SHB 1283

This analysis was prepared by non-partisan legislative staff for the use of legislative members in their deliberations. This analysis is not a part of the legislation nor does it constitute a statement of legislative intent.

C 167 L 15

Synopsis as Enacted

Brief Description: Concerning nonprofit organizations engaged in debt adjusting.

Sponsors: House Committee on Business & Financial Services (originally sponsored by Representatives Parker, Kirby and Vick).

House Committee on Business & Financial Services

Senate Committee on Financial Institutions & Insurance


Debt Adjusting Act.

Washington's Debt Adjusting Act (DAA) regulates the provision of debt adjusting services, which are defined as managing, counseling, settling, adjusting, pro-rating, or liquidating a debtor's indebtedness or receiving funds for distribution among creditors in payment of a debtor's obligations. A debt adjuster is a person who engages in debt adjusting for compensation and includes creditor counselors and debt settlement providers.

The contract between the debt adjuster and the debtor must contain various disclosures, including the debt adjuster's fees and must require the debt adjuster to notify the debtor if a creditor refuses to accept payment. The total fee for debt adjusting services is capped at 15 percent of the debtor's total debt; excess fees void the contract. The fee retained by a debt adjuster from any one payment made by a debtor may not exceed 15 percent of the payment. Before retaining the fee, the debt adjuster must notify all creditors that the debtor has engaged the debt adjuster's services.

A debt adjuster may not receive any cash, bonus, reward, or other compensation from a person other than a debtor or a person acting on the debtor's behalf in connection with his or her activities as a debt adjuster.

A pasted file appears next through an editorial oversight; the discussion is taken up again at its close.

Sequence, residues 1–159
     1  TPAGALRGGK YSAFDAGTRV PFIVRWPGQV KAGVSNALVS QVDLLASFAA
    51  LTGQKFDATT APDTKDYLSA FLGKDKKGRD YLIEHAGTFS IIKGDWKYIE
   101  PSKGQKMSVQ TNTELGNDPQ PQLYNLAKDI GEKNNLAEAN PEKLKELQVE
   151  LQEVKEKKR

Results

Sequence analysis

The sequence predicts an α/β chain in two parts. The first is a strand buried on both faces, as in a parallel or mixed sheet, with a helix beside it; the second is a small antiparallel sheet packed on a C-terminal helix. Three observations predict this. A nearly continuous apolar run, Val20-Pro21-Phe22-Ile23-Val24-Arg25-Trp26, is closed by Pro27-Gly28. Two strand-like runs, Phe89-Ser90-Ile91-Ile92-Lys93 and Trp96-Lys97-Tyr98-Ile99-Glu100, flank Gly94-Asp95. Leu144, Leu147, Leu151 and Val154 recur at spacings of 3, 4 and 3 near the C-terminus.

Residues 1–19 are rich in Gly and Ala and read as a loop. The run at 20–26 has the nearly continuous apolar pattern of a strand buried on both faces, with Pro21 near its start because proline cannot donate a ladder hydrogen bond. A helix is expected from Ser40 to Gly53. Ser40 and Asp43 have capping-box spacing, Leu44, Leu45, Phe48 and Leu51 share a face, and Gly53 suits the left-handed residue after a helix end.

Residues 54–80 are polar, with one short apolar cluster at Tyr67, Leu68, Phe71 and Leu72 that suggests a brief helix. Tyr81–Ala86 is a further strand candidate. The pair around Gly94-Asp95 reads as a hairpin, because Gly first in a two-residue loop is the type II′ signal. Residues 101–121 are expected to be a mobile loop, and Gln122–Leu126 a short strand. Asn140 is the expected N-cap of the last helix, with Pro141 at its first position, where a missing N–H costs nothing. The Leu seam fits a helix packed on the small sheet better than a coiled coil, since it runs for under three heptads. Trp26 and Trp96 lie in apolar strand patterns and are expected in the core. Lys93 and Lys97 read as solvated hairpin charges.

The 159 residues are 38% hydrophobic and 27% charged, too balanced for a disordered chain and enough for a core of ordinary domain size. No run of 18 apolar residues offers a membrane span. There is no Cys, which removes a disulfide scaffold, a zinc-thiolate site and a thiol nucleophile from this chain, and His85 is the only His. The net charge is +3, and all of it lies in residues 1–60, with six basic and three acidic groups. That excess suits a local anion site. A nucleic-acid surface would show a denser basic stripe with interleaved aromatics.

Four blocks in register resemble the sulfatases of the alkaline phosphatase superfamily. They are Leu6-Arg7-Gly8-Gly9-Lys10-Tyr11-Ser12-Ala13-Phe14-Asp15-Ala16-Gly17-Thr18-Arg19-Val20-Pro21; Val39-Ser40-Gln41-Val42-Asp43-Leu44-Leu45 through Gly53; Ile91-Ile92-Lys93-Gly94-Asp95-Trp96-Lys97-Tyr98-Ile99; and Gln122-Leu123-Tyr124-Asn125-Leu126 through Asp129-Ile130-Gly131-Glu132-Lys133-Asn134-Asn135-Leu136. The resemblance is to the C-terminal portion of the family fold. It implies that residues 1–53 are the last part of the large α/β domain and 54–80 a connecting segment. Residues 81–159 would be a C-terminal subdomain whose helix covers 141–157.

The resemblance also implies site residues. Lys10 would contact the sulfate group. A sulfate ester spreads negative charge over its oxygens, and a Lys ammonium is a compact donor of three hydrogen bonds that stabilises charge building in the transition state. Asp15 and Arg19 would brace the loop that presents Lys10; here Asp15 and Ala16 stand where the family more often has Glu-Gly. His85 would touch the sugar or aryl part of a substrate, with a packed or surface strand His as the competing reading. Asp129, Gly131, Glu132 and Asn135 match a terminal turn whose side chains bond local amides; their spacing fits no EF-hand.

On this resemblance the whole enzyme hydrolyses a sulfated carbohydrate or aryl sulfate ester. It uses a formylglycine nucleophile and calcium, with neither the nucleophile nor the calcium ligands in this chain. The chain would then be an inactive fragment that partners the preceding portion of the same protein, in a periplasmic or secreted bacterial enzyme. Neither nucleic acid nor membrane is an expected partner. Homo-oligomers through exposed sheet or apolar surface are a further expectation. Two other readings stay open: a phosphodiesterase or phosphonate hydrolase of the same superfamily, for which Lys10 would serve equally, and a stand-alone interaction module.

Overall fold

Violation of the DAA constitutes a misdemeanor offense, as well as an unfair or deceptive act or practice under the Consumer Protection Act. The Office of the Attorney General may investigate debt adjusting businesses and examine their books and records.

Exemptions from the DAA.

Numerous entities are exempt from regulation under the DAA. Among them are nonprofit organizations engaged in debt adjusting that charge debtors a fee of not more than $15 per month.

Also exempt from the DAA are attorneys, escrow agents, accountants, investment advisors, banks, and consumer loan companies, among others.


The prohibition against receiving compensation from any person other than the debtor excludes fair share, defined to mean creditor contributions paid to nonprofit debt adjusters by the creditors whose debtors receive debt adjusting services and pay down their debts accordingly. Fair share does not include grants received for services unrelated to debt adjusting. The fee retained by a debt adjuster from any one payment made by a debtor may not exceed 15 percent of the payment, not including fair share.

Nonprofit debt adjusters or nonprofit organizations exempt from regulation must submit a report to the Department of Financial Institutions (DFI) each year for two years beginning June 30, 2016. The report must contain the following information:

The report must also contain the following information for each debtor client:

The DFI is required to summarize the information received, make the summary report public, and submit it to the Legislature by December 2016 and again by December 2017.

Votes on Final Passage:








(Senate amended)

(House refused to concur)




(Senate receded)


July 24, 2015